The long-awaited UN Office of the High Commissioner for Human Rights (OHCHR) report that deals largely with wartime abuses in Sri Lanka has finally been made public.
It’s a big moment for the island nation and OHCHR has come out with a strong report. This is a detailed, lengthy document that covers a range of disturbing topics, including extrajudicial killings, sexual violence, disappearances, torture, and attacks on civilians. Importantly, the report also includes violations which have occurred since the end of the war (in 2010 and 2011).
So, where does Sri Lanka go from here?
In the coming days, an informal meeting will be held on Sri Lanka at the UN Human Rights Council (HRC). At that time the possible content of another HRC resolution on Sri Lanka will be discussed. (Originally scheduled to take place on September 17, the event has been pushed back to September 21.) The delay of this meeting may seem insignificant, but it’s actually quite useful. Since the OHCHR report was only made public on September 16, that didn’t give people much time to read the report and consider the recommendations it lays out.
Significantly, the report includes a recommendation that a hybrid court be created. More specifically, the OHCHR Investigation on Sri Lanka (OISL) asserts:
…for an accountability mechanism to succeed in Sri Lanka, it will require more than a domestic mechanism. Sri Lanka should draw on the lessons learnt and good practices of other countries that have succeeded with hybrid special courts, integrating international judges, prosecutors, lawyers and investigators, that will be essential to give confidence to all Sri Lankans, in particular the victims, in the independence and impartiality of the process, particularly given the politicisation and highly polarised environment in Sri Lanka.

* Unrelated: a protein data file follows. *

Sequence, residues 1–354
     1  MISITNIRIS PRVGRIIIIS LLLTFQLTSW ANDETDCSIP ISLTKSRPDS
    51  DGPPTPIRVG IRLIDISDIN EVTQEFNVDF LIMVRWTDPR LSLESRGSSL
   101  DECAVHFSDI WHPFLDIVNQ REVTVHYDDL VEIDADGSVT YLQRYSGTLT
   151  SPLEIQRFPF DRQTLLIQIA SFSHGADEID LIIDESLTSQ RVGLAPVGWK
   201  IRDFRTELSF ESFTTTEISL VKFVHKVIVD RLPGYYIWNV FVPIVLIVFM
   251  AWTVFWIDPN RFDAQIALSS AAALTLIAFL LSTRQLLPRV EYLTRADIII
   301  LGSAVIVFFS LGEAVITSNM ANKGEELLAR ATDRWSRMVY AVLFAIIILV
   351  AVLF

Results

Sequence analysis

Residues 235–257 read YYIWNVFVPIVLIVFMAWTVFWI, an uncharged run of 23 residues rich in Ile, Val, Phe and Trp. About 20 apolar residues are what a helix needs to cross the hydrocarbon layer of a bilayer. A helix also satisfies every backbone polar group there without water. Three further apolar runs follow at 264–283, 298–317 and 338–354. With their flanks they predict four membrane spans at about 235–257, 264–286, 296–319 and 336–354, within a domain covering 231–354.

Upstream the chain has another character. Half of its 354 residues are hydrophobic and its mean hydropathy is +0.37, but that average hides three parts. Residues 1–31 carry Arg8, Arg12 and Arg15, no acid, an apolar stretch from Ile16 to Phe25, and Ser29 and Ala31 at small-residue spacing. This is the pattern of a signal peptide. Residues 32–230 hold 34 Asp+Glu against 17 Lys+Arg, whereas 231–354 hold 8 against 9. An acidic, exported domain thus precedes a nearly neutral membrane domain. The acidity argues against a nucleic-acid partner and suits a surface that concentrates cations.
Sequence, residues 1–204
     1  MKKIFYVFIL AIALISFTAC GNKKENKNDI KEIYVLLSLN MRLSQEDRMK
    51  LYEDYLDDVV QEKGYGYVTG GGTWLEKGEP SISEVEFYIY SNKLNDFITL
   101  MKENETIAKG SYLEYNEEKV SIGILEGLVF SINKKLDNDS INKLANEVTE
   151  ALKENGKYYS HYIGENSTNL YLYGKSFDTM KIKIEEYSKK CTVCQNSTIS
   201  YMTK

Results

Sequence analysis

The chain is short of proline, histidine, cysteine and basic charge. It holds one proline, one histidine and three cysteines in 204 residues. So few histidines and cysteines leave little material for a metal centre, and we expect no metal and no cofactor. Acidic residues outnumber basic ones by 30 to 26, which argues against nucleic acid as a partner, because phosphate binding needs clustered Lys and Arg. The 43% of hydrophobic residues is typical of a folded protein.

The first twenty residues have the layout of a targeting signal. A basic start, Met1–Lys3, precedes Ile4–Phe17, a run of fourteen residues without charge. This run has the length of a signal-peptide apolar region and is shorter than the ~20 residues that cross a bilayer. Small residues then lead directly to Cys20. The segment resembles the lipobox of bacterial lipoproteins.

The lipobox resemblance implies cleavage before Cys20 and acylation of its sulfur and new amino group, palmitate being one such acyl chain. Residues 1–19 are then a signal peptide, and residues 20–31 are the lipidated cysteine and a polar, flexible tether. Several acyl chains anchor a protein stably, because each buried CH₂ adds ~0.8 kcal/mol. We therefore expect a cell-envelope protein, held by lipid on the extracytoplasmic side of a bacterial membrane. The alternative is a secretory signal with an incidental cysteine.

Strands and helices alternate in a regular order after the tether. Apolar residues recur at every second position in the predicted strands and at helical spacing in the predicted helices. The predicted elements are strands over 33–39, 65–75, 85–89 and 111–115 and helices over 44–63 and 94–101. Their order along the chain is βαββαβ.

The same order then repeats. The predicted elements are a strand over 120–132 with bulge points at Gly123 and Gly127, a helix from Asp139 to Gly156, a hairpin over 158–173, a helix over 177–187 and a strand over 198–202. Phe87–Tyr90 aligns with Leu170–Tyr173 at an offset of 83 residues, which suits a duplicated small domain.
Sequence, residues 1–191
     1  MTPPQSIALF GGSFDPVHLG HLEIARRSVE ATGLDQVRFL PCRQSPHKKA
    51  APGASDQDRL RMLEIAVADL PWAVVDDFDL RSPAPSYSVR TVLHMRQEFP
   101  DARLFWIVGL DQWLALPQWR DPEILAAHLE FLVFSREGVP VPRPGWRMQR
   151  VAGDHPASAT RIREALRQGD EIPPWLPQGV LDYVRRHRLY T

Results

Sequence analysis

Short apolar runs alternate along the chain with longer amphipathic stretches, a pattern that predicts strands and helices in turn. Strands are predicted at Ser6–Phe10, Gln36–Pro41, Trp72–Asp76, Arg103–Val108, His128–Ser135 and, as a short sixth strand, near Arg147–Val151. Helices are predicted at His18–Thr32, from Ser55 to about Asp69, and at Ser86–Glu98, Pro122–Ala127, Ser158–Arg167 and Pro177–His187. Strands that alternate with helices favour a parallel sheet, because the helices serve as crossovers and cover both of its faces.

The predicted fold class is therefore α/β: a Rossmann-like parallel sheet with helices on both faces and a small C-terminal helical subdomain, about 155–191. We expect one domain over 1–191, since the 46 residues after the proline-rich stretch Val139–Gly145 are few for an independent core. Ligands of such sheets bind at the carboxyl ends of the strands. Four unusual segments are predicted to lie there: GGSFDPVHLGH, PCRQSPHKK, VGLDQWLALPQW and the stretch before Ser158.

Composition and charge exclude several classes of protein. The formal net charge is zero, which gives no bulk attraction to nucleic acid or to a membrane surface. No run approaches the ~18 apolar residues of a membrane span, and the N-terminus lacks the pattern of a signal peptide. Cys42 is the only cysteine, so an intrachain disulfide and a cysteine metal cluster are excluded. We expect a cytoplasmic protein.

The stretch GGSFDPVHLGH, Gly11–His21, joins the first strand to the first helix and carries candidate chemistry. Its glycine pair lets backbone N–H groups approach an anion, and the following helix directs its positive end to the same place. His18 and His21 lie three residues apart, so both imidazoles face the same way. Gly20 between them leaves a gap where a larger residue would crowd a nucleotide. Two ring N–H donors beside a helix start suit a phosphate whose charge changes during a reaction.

The recommendation is a logical one given Sri Lanka’s history with past domestic accountability mechanisms and the current state of the country’s institutions. Nevertheless, there’s no indication that Sri Lanka’s new government would agree to the establishment of a hybrid accountability mechanism.
So what’s next for Sri Lanka at the HRC?
The U.S. has already made it clear that it will sponsor another HRC resolution on Sri Lanka and that Washington supports Colombo’s domestic accountability process. The U.S. expects to collaborate with the Sri Lankan government on this resolution. Nonetheless, coming up with a consensus resolution on Sri Lanka that satisfies everyone, especially the Tamil community, is going to be virtually impossible. It will be interesting to see which recommendations from the OHCHR report make it into the forthcoming HRC resolution – especially as it relates to institutional reforms and justice.
For those pushing for truth and accountability in Sri Lanka, it seems that the best outcome – for now anyway – would be that U.S. diplomats and others convince Colombo of the need for a strong, clear resolution on Sri Lanka at the HRC. A key point here could be, within the framework of Sri Lanka’s domestic mechanism, laying out the details for how members of the international community can be involved in every step of the process. Reaching agreement on the details of the imminent resolution (and the level of international involvement in Colombo’s domestic processes) may be challenging. The HRC’s 30th session will end in two weeks so a lot could happen between now and then. We’ll have to wait and see how things play out.